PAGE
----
The Last Thai Shore

Jumping off the boat at┬áKoh Lipe into waist-high water really made me appreciate my waterproof bags. As I watched fifty-something business types slowly fumble their Samsonites towards the beach, I started to get the first sense of the con I’d been pulled into.

koh-lipe-3

The island had been recommended to me by my sister and her husband, who’d spent time there a little under a decade ago. Promises of clear blue waters and untouched nature sounded all too appealing to pass by, and the island was on my ocean-route anyhow so why not give it a go, right?

To my horror, the island turned out to be one of many ruined by fervent tourism along the Thai islands. Paved roads, nightclubs and a 7-11 where there’d once been pristine jungle. Concrete trucks rushing about the place. What a bummer.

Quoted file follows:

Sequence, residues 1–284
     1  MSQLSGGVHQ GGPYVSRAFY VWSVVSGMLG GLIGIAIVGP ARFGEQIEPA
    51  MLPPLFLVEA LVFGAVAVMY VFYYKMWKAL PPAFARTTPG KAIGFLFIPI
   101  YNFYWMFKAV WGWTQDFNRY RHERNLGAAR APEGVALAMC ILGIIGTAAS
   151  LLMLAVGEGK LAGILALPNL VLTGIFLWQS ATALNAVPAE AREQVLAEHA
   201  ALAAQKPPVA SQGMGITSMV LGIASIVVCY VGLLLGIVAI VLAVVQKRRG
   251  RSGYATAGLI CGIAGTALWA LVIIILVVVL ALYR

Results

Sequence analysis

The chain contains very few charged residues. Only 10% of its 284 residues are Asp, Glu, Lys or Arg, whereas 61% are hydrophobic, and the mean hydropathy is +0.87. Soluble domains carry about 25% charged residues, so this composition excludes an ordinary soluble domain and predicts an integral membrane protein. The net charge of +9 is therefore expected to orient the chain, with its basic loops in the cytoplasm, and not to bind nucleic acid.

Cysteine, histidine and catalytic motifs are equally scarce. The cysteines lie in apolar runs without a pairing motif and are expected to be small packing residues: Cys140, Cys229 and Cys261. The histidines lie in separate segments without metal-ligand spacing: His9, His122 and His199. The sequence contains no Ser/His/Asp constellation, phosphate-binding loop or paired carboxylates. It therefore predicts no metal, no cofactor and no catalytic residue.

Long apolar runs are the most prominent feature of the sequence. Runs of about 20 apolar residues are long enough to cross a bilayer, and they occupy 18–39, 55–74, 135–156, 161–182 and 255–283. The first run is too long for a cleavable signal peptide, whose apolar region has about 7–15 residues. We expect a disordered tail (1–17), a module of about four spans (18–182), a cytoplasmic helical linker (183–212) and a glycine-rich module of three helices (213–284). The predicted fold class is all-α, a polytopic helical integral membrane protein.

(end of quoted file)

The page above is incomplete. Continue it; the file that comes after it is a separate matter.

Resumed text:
Luckily I’d been hinted towards finding shelter at the Fisheries Department on the other side of the island. This turned out to be a blessed refuge in the mist of rowdy middle-aged Chinese ready to get their groove on an island on the Indian Ocean.

And a night spent in my bungalow surrounded by two beaches did brighten the mood somewhat. After a bout of decent snorkeling, swimming and getting to know the small and marginalized local population, I was able to leave the island with a tentative smile on my face.

A night or two more, and I was ready to leave Thailand behind. All and all, out of all the countries along my route, Thailand perhaps matched my preconceptions the best. A thoroughly beautiful place with still much left for exploration, but at the same time tarnished by the very activity I was involved in. A tourist complaining about tourism, is what I’ve turned into I guess.

Nevertheless, a quick border formality and a hop along the ocean in a terribly smelly and probably, most likely, seaworthy quick-boat towards the Malaysian island of Langkawi. A very short and uninteresting day and night there, and then onward yet again for Penang.

-Markus

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